Download package content and use PowerShell during task sequence

Recently I discovered the Download Package Content task and found a why to use it with PowerShell during a task sequence. You would use this mainly to quickly download some files into your task sequence environment. This could be in the normal OS, or during OSD in WinPE. Recently I had a use case why this task comes in handy.

Options to configure

In this step you can configure to download multiple packages from different sources. You can download Boot Images, Operating System Images, Operating System Upgrade Packages, Driver Packages and Packages in any combination you would like.

The benefit of this step, is that you can assign a custom task sequence variable for each package that you download. This variable will spit out the download path of the contents that is downloaded. When you assign a variable, you have to place a numeral suffix after the variable in the order of the packages you’ve added.

This means for example, if WorkingDirectory is used as variable, you would need to call WorkingDirectory01 for the first package that has been downloaded. Even when there is only one package!

Looking back at my other post, I discovered that I repeated several tasks in my in-place upgrade task sequence. For every model we support, there is a normal package available. The task will download the package content in a Run a Command Line task. Works like a charm, but we have 14 models. Repeating every step 14 times is not ideal. It’s simply not scalable.

Tasks sequence steps overview
Using 14 Run Command Line steps is not scalable

Configuration example

In the screenshot below you will find an example of one of the Download Package Content tasks in the upgrade task sequence. This task wil only run if the model running the task sequence is a Dell OptiPlex 3020.

Save path as variable task sequence step
Create multiple download package content tasks and store the path as a variable

I used the option to store a custom task sequence variable to store the download path of the package and used it in a PowerShell script. The scripts reads the variable and sets the working directory to the download location, with the result that you only have one PowerShell script to maintain.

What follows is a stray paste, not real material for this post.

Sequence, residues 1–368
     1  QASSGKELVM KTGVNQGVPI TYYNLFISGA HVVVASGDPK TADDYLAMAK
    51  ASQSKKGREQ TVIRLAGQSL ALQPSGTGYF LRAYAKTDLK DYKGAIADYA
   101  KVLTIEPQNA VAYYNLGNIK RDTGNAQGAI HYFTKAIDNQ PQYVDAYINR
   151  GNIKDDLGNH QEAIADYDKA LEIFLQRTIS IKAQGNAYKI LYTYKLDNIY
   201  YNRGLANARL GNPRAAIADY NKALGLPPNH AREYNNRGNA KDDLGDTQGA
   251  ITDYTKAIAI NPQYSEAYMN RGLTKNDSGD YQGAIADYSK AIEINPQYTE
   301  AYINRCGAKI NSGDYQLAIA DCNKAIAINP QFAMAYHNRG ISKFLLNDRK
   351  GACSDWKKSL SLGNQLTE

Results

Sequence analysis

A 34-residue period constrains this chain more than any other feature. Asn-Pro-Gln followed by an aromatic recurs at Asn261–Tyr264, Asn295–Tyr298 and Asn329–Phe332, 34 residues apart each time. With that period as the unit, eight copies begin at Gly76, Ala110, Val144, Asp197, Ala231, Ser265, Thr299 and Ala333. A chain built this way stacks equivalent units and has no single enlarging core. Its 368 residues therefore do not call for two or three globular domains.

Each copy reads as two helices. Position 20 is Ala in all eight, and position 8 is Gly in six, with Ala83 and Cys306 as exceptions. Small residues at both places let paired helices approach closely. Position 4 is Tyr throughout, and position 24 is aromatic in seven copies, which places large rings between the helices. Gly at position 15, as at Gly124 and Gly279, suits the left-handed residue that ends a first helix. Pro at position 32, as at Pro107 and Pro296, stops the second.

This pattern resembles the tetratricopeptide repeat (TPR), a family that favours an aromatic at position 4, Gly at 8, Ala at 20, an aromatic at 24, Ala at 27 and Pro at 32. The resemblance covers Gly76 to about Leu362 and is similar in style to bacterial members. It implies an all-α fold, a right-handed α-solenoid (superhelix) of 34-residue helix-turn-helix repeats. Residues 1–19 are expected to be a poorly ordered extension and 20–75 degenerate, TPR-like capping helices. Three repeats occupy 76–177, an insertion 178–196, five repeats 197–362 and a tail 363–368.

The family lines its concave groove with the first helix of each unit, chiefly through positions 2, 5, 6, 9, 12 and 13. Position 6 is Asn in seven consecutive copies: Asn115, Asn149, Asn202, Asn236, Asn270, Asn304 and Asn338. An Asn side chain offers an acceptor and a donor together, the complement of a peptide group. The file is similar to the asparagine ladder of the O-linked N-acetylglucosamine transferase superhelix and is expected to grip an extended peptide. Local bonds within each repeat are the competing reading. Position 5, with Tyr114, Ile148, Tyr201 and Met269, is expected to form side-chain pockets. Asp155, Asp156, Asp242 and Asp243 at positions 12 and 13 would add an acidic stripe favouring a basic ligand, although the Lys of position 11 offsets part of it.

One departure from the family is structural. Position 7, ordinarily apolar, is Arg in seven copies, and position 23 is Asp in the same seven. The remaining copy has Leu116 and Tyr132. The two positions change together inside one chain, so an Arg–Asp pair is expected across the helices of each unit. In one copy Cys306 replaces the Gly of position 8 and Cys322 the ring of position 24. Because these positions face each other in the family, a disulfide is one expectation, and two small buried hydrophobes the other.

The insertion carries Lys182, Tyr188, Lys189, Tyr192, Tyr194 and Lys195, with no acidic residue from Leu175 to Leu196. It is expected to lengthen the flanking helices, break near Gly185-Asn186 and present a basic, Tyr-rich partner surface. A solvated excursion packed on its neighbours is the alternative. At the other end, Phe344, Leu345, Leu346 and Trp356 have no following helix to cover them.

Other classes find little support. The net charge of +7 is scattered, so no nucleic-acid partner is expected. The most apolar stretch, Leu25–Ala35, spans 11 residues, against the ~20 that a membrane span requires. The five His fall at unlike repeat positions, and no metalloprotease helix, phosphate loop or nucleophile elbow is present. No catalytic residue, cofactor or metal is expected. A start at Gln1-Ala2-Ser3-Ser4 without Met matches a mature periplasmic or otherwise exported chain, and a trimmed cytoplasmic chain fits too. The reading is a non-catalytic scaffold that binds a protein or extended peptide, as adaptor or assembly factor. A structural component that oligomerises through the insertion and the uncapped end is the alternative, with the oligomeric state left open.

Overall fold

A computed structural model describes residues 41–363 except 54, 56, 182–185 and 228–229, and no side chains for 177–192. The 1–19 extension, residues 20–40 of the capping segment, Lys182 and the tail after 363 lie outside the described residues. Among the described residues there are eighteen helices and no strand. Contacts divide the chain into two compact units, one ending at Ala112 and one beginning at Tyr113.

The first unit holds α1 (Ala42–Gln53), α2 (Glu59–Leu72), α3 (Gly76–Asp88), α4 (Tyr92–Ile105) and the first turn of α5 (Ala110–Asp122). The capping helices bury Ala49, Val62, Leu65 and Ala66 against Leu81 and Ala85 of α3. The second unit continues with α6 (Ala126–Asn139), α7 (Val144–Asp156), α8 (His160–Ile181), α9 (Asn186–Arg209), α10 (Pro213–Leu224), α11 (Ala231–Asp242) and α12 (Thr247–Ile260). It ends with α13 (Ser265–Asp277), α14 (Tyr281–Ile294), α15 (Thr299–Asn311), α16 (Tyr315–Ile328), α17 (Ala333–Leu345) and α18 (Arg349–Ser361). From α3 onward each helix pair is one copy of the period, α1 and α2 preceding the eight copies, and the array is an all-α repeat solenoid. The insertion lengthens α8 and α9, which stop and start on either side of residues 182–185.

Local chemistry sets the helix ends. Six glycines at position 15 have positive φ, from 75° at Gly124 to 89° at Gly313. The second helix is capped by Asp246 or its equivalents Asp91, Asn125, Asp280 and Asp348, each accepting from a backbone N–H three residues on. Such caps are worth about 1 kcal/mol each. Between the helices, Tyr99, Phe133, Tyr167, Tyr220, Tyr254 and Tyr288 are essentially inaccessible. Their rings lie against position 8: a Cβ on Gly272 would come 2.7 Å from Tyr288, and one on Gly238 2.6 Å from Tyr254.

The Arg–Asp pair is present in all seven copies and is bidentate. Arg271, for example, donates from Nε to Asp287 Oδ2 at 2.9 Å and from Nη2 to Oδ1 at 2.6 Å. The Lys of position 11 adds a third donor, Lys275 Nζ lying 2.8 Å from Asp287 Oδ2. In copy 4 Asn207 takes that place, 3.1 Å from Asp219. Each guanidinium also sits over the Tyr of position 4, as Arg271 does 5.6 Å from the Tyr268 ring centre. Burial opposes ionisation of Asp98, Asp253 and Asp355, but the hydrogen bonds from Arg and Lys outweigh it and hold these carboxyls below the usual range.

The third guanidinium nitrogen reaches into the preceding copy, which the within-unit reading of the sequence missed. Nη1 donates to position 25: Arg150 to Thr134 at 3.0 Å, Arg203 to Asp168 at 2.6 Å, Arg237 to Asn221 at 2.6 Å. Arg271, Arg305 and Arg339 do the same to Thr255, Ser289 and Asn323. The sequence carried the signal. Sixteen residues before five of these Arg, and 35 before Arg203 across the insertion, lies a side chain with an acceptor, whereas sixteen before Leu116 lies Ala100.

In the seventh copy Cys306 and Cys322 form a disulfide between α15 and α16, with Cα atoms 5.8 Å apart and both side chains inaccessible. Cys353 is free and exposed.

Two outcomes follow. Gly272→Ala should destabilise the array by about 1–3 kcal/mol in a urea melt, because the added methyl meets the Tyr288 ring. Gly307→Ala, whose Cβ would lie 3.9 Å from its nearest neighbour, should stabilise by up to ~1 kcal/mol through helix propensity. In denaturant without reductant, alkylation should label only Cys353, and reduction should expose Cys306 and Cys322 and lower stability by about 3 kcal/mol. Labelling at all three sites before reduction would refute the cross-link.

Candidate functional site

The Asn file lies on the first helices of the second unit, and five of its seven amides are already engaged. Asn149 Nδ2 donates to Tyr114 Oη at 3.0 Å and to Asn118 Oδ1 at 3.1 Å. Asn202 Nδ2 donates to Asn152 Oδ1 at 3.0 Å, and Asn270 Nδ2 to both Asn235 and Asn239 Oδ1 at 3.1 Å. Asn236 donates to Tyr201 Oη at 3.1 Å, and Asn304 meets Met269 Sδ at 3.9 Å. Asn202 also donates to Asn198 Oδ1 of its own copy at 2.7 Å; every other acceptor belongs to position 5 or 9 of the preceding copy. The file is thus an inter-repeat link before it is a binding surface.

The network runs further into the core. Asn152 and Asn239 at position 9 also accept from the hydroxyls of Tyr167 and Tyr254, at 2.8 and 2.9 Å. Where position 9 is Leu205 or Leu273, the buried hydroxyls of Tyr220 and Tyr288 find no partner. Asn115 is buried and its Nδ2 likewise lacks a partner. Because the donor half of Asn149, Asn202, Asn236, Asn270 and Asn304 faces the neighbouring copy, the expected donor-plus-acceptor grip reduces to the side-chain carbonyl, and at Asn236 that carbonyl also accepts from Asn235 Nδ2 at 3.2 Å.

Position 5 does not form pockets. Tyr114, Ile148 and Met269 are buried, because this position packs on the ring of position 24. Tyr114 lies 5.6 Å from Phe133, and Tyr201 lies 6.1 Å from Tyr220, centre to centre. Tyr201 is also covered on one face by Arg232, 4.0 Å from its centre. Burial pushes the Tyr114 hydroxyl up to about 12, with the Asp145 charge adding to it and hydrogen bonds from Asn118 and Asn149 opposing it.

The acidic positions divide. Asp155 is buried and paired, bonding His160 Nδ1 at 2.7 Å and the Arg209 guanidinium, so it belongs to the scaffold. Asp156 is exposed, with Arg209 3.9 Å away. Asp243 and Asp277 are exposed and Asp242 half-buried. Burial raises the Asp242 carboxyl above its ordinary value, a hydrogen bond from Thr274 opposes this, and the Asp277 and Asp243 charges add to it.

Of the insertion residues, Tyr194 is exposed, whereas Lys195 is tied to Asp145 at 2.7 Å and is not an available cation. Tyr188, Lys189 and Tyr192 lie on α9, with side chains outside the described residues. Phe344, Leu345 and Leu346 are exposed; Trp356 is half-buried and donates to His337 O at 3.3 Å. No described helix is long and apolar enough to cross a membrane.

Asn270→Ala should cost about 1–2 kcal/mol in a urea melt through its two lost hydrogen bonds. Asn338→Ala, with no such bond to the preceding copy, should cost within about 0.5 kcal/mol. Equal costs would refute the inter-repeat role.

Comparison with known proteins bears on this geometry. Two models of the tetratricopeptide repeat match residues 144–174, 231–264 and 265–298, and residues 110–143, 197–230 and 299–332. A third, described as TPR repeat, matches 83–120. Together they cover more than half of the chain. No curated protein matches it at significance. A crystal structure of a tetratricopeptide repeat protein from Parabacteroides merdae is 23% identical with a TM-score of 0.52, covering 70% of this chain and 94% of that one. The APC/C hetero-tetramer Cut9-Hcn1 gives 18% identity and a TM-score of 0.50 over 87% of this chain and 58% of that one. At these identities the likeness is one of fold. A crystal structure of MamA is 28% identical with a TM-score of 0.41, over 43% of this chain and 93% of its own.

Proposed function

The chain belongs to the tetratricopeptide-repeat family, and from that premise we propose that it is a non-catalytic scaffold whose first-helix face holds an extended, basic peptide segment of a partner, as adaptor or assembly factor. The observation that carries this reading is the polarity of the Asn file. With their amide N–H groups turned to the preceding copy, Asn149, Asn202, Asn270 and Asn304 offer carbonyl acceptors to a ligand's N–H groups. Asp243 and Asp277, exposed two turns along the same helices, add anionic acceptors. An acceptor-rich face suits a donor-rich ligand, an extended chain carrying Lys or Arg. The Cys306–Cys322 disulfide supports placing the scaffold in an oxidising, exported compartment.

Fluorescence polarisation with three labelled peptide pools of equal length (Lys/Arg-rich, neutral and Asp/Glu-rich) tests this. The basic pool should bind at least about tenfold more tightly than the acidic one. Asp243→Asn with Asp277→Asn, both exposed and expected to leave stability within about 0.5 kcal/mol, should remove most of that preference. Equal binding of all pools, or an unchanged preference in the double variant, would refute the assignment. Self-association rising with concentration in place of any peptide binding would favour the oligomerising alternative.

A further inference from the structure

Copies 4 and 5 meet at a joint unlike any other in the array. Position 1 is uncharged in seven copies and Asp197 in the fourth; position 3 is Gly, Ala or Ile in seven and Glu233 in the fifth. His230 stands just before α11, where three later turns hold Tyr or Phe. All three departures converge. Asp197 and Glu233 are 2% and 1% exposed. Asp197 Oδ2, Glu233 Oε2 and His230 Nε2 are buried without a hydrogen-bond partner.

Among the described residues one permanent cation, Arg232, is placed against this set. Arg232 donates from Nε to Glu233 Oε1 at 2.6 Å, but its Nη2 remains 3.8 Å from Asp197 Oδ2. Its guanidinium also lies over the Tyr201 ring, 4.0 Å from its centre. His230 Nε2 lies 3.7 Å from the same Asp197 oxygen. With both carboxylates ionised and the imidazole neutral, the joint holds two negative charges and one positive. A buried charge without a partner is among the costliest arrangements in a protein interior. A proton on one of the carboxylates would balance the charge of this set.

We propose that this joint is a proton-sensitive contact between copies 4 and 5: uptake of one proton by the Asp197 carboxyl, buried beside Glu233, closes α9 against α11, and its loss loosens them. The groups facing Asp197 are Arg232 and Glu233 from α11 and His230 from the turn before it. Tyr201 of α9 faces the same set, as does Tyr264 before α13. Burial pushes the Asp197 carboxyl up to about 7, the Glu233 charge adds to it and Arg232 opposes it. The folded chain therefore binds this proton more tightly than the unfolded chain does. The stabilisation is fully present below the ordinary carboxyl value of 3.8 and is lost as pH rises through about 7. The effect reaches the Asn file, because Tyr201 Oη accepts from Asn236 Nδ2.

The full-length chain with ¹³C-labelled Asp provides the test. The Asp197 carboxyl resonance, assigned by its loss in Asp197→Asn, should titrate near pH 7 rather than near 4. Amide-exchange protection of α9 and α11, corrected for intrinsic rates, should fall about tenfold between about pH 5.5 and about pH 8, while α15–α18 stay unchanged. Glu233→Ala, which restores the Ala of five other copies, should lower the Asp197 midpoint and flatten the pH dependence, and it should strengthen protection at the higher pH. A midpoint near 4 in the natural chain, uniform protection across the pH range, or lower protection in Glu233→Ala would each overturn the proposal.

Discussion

To read a task sequence variable in PowerShell, use the code below. Replace DriverVariable01 to your own custom variable.

#Read SCCM TS Variable Environment
$tsenv = New-Object -COMObject Microsoft.SMS.TSEnvironment
$path = $tsenv.Value("DriverVariable01")

Full PowerShell script

Below the full PowerShell script containing:

  • Basic logging to a .txt-file on the C:\ drive.
  • Reading the task sequence variable and set the working directory to that path.
  • Grabbing the .inf-files of all drivers and install them using pnputil.exe.
  • Check the exit code of pnputil and act accordingly.
$file = "C:\$env:COMPUTERNAME.txt"

#TimeStamp function
function Get-TimeStamp {
    return "[{0:dd/MM/yy} {0:HH:mm:ss}] - Drivers -" -f (Get-Date)

#Defines SCCM TS Variable Environment
$tsenv = New-Object -COMObject Microsoft.SMS.TSEnvironment
$path = $tsenv.Value("DriverVariable01")

Write-Output "$(Get-TimeStamp) Reading driver path from variable. Path is: $path" | Out-File $file -Append

#Set location of package content downloaded by Task Sequence
Write-Output "$(Get-TimeStamp) Set working directory to the folder containing drivers" | Out-File $file -Append
Set-Location "$path"

#Log the current working directory
$currentlocation = Get-Location
Write-Output "$(Get-TimeStamp) Working directory is now: $($currentlocation.Path)" | Out-File $file -Append

#Let log file know that we're going to start with updating drivers
Write-Output "$(Get-TimeStamp) Going to make a start with updating drivers" | Out-File $file -Append

#Executing PnPUtil to place .inf files on the target machine
$pnputil = Start-Process -FilePath pnputil.exe -ArgumentList "/add-driver "".\*.inf"" /subdirs /install" -PassThru -NoNewWindow -Wait

#Check exitcode to see if things are ok
if (!($pnputil.ExitCode -eq "0" -or "3010 " -or "1641" -or "259")) {
    Write-Output "$(Get-TimeStamp) Process failed with exit code: $($pnputil.ExitCode). Please review" | Out-File $file -Append
    Return 1

else {
    Write-Output "$(Get-TimeStamp) Process succeeded with exit code: $($pnputil.ExitCode). Drivers are installed" | Out-File $file -Append
    Return 0

Wrapping things up

With this approach you are able to minimise the effort of maintaining tasks separately. Creating one PowerShell script, you’re also very flexible in logging the execution of several tasks you need to get things installed, or configured. This script could be a stepping stone to start self-remediation in a task sequence, when something failed.